Karin Evans : Well, I think from the emotional standpoint, there's just no way to explain what it's like ahead of time to hold your baby for the first time and have that overwhelming feeling of being responsible for another life. It's an incredible rush of feelings, and I don't think you can know what it's like until you are there. The other surprises just keep revealing themselves as you move through life with these children. So much of what they've experienced before you got together is unknown. There will always be questions, and they come when you may be least expecting them. It's a journey of discovery and requires that you stay open to all the possibilities and try to be as present as possible for your child, a s supportive as possible, though your own childhood may have contained none of the questions or challenges that theirs do...It's a demanding journey, and absolutely wonderful. But sometimes it's easy to feel inadequate to the task, I think. That's why it's great that there is such ac ommunicty of adoptive families to help share the experience.

Jenna : Do you have some suggestions on how best to help integrate Chinese culture and involvement with other Chinese adults

Karin Evans : Someone asked about integrating Chinese culture into children's lives. We've been so lucky in this regard. We have our "Aunt Betty," a Chinese-American woman who has taken us in. She invites us to Chinese New Year and lavishes traditions on our children, who just love the event (firecrackers and all) and love her and her big, extended family. She took it upon herself to provide this for our daughters, saying she thought it was important to them to have some Chinese extended family in their lives. At her last New Year's party she had invited two more, brand new little adopted Chinese "sisters" and their families. So, each year now, we'll see extended family that also includes some other adopted little girls. We've also been lucky to have a lovely music teacher who was born in China, someone helping the girls with Mandarin, and several other people who are very closely entwined with our lives.

Zoey:  When adopting a second time - what do you think about taking the older child toChina with you. I would be afraid the experience may be hard for a child with early childhood trauma -- how might you prepare for this?

Karin Evans : We took out daughter with us when we adopted our younger daughter. Our older daughter was five at the time and we spent a lot of time talking about the entire trip. We took along a dear friend who is very close to our older daughter so Kelly would have a special friend while we were paying attention to the new arrival. I think it went well...Kelly came into the institution with us, visited the babies in their cribs, and asked lots of questions. This provides an opening to discuss about every facet of the adoption process, but I think people should be ready to help the child who might be jolted by the experience. Sometimes unspoken fears can pop up and it's good to monitor the reactions closely, and get some help if you need it. It's a very individual decision, too. Some people may feel it's okay for the returning child, and others may choose not to take the child. Some children may be more sensitive to the experience. So, I don't think there is any one recommendation. Consider the age of your child, temperament, level of anxiety, and ask for some professional help ahead of time if you need it, in making the decision. Not to be taken lightly, I don't think. But in our case, I'd say it worked out, and we're glad we did it. But that's just one experience.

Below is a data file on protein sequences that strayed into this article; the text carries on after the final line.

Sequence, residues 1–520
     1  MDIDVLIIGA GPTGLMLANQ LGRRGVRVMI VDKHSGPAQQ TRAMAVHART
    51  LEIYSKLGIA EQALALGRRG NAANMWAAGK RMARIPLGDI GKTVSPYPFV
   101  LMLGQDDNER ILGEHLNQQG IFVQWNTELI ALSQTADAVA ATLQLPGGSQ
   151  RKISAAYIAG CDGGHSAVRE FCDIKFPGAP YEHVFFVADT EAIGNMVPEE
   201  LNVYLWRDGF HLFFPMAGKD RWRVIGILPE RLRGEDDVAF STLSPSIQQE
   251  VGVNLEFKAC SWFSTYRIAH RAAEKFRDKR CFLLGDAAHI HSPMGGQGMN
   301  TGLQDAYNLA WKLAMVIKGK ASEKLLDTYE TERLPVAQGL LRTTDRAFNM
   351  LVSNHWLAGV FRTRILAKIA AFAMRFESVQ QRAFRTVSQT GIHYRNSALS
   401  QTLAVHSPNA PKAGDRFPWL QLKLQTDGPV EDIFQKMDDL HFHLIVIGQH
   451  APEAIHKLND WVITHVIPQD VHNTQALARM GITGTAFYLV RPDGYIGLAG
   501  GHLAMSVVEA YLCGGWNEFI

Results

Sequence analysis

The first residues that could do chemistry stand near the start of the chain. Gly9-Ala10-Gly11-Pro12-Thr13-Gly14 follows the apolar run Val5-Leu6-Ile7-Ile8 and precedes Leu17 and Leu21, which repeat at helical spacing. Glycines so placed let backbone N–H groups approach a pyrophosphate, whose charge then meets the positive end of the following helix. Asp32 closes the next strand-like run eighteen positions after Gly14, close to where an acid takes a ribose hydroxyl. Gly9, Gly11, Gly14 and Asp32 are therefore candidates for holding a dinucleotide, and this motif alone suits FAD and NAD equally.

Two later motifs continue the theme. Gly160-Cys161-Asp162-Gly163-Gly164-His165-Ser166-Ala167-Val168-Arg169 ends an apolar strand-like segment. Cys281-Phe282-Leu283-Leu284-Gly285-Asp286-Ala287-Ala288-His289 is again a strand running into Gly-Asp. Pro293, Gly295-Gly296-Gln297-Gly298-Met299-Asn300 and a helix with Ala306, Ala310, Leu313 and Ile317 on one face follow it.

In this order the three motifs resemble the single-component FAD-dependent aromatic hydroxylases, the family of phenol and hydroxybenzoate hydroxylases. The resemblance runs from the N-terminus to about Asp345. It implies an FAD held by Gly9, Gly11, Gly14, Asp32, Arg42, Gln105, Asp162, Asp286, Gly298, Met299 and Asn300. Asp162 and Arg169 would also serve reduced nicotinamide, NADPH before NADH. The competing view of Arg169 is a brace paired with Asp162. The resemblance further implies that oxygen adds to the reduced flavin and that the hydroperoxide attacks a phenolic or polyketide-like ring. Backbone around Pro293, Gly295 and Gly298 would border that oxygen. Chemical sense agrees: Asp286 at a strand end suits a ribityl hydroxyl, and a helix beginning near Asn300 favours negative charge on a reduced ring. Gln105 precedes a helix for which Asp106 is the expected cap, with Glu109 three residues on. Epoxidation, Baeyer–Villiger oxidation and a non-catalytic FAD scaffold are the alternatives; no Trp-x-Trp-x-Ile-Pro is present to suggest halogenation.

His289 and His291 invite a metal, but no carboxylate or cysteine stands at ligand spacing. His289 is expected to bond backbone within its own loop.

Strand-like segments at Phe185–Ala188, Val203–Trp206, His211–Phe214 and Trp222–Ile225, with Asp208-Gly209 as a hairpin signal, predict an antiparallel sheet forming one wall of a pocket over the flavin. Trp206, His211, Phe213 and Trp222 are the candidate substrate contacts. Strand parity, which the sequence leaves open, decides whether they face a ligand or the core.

Gerri :  What books would you suggest reading (other than yours of cours ;) in preparation for adopting from China

Karin Evans : My favorite overall books about China include China Wakes, Jonathan Spence's book on Chinese History, and a book of Children's poems from the Tang Dynasty called "Maples in the Mist." This is just the background, to prepare one for the richness of Chinese history and culture. For close-up information on adoption, I think the FCC website has lots of great background. There are some wonderful contemporary Chinese women writers, including Anchee Min and Amy Tan and the book Wild Swans. My approach was just to read everything I could get my hands on, and each book provided yet another point of view on China, either historically, or contemporarily. There is lots of adoptive literature, too.

Kimmy : Karin, have you seen 'China's Lost Girls' and if so, from your perspective did it seem an accurate account of what happens?

Karin Evans : I'm sorry to say I have not yet seen this. I've been promised a tape.